‘The Twilight Saga: New Moon’ review

So it's....three people in the woods. And over 25 million people have gone to see it.

So it's....three people in the woods. And over 25 million people have gone to see it.

The popularity of the ‘Twilight’ franchise isn’t particularly surprising. After all, week after week new action movies pile into movie theaters, and ‘Twilight’ just so happens to be an old-fashioned romance with good-looking characters (Edward and Bella for those of you that don’t know). It features every girl’s dream man. Simply put, it fulfills peoples’ desires for an old-fashioned romance.

The plot behind this franchise: Edward is a 109-year-old vampire, who happens to look like a 17-year old teenager. Bella is, in fact, 17. The two meet and fall in love. This is basically all that happened in the first film, “Twilight”. In this one, “New Moon”, Edward has to leave Bella forever, putting her into a deep depression. However, her friend Jacob comforts her while Edward is away, and she realizes that Jacob is a werewolf. Does Bella have any friends that are, you know, human? (It’s annoying how casual she is about keeping foreign company.)

The ‘Twilight’ series is, in my opinion, a phase that will be forgotten about in a matter of years. The source material, the insanely popular books are completely overwritten. Some direct quotes from them include, “Look after my heart, I’ve left it with you.” and “I dream of being with you forever.” But the film tends to eschew all the bad dialogue, but they are pointless: Because the films never display why exactly Edward and Bella are so deeply in love, (and the plot depends on their bond), the films lose their purpose. Rather than tell a story, the movies are basically re-enactments of parts of the book, strung together to form a “plot”.

Of course, fans of the book will thoroughly enjoy the film. It stays true to the source material, has the same good-looking actors, and sets itself up perfectly for the next installment, Eclipse. (due out next June) It has everything the fans demand of it. But take away the screaming fans, take away the popular books, take away the teams Edward & Jacob, take away all the hype that surrounds this movie, and what do we have? A film with mediocre acting, a terrible script, and no personality.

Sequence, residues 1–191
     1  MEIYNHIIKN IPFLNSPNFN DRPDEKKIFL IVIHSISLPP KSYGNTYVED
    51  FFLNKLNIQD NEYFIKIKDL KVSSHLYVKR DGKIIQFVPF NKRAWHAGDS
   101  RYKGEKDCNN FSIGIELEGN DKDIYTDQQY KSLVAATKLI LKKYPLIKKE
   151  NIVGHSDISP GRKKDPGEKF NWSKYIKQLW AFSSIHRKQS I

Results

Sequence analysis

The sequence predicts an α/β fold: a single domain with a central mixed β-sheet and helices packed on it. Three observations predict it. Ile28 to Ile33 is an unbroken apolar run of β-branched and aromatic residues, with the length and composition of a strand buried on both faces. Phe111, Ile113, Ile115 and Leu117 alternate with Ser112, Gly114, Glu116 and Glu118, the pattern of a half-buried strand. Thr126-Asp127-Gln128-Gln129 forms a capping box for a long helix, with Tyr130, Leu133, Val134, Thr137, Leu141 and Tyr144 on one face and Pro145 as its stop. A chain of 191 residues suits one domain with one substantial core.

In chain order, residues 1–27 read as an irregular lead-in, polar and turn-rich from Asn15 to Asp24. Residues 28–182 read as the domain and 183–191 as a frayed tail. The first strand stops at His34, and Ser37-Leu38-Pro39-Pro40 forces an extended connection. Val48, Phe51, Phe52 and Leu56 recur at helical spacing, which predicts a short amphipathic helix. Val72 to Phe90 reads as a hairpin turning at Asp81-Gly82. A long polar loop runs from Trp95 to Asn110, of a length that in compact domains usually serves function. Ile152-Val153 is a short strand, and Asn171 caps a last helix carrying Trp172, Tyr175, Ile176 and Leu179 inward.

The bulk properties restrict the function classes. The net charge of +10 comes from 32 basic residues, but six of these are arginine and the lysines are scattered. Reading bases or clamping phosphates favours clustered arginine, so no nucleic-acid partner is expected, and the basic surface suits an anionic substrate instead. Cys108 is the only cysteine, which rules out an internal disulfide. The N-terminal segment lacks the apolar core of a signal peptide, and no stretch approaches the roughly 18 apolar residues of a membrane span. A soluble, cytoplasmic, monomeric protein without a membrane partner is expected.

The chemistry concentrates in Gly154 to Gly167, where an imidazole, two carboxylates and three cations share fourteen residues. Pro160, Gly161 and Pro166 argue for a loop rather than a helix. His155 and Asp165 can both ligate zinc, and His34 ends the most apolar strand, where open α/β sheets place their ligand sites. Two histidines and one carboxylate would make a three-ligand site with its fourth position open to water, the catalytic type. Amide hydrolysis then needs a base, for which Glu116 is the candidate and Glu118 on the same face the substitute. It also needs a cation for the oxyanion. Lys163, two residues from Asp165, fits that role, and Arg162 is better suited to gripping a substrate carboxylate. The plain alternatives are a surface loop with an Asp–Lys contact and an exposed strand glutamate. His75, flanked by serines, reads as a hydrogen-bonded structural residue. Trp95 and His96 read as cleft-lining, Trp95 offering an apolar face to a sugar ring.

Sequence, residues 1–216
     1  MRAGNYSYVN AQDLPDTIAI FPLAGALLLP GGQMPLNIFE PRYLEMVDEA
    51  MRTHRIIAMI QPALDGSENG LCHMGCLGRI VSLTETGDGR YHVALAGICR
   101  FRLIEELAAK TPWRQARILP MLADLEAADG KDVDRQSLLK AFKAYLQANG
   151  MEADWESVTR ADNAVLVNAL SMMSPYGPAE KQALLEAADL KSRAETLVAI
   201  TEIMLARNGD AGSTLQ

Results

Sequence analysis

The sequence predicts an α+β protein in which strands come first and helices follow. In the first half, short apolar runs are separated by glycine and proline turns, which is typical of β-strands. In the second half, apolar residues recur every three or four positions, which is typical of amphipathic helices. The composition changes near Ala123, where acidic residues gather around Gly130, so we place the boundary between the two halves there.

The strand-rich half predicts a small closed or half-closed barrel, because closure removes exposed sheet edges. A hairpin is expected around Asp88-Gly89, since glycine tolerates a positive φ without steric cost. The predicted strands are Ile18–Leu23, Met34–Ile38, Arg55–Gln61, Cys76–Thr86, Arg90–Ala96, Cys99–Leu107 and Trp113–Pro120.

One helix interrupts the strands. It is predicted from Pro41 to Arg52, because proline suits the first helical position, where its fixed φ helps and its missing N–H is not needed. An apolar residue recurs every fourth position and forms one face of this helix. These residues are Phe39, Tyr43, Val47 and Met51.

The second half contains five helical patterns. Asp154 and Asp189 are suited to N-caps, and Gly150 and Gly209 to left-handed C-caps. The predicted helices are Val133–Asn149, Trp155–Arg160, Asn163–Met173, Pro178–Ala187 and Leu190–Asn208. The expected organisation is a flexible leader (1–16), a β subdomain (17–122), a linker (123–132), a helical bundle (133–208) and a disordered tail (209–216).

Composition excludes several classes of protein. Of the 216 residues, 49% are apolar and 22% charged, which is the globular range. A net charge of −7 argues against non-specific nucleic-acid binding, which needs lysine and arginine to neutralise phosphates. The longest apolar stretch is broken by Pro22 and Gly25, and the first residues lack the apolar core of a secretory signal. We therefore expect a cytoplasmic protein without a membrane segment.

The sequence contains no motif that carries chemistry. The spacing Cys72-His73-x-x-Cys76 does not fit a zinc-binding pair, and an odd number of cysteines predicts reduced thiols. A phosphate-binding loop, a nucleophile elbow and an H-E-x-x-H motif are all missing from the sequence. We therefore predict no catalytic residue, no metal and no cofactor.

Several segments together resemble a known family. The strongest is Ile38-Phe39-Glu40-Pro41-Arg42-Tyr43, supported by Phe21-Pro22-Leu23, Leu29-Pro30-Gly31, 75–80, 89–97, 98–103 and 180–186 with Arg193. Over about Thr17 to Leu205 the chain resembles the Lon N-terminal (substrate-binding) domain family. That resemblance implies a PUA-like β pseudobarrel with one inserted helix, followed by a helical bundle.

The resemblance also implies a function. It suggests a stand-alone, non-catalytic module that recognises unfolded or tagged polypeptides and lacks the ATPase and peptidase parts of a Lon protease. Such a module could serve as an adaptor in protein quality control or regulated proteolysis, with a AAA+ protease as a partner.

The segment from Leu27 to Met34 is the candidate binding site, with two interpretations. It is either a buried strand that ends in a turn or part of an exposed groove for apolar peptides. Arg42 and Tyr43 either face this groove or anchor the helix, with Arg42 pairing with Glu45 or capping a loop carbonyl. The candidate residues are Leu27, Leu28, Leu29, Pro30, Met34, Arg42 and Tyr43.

‘2012’ review

Observe the cool poster. Skip the terrible film.

Observe the cool poster. Skip the terrible film.

I walked out of ‘2012’ confused, bored, and practically numbed to the mindless destruction. Some end-of-the-world movies blow up a skyscraper and can call itself an epic. ‘2012’ transforms Yellowstone into a volcano, demolishes Los Angeles within 10 minutes and crushes the Vatican, all in the first half of the film. ‘2012’ is three hours long, and for each hour has a distinct agenda: The first hour “explains” the science behind the end of the world, the second is, well, the end of the world, and the third hour a (failed) attempt to become a movie with a “message”. Needless to say, the film tries to be intelligent by presenting some (admittedly) interesting moral dillemas, and yet it wants to be dumb enough for a 7-year old to understand it.

John Cusack stars as Jackson Curtis, a failed novelist who is camping with his family. Due to a massive solar flare, the end of the world is impending and Jackson will do whatever it takes to survive. A sub-plot involves the White House, and its efforts to preserve humanity. (I know the film was made in America, but you’d think a country other than us might bother preserving their species)

I am of two minds of the destruction on display in ‘2012’. On one hand, it is easily some of the best special effects ever made. Honestly, I have never seen such realistic, well-done visual effects. (Well, the scenario is ridiculous but the effects look real) How can you not admire the talent that went into making it?

And then again, there’s the senseless-ness with which the destruction is displayed. In one scene, the main characters charter a plane to fly out of a (sinking) Los Angeles. When they’re flying away, two large skyscrapers collide into each other and their plane ducks under the collision. Have the people who made this movie lost their minds? The main characters show seemingly no remorse that basically everyone they’ve ever known is dead. Showing millions of men, women, and children dying just for a “cool explosion” is stupid, immature, and goes above and beyond tasteless.

Not to mention the fact that ‘2012’ is ridiculously boring. Okay, Woody Harrelson being pummelled by a large volcanic eruption looks incredible once. But the explosions lose their “cool” factor after the first three. And there’s way more than three in this film. You feel numbed to all the death in the movie, but when you leave you just realize how tasteless it all was.

‘2012’ is about as over-the-top and corny as you can get. It is essentially one big contradication: It exploits the death of billions for the sake of a cool action sequence, and yet tries to present a message of “hope”, and most laughably, it tries to present a message.

Of course, people will see this film. The director, Roland Emmerich (director of ‘Independence Day’ and ‘Day After Tomorrow’) cannot make a good movie, but he makes big, stupid, crowd-pleasing ones.
‘2012’ is stupid, pointless, poorly acted, and yet masterfully executed in terms of production and visual effects. A contender for the worst of the year.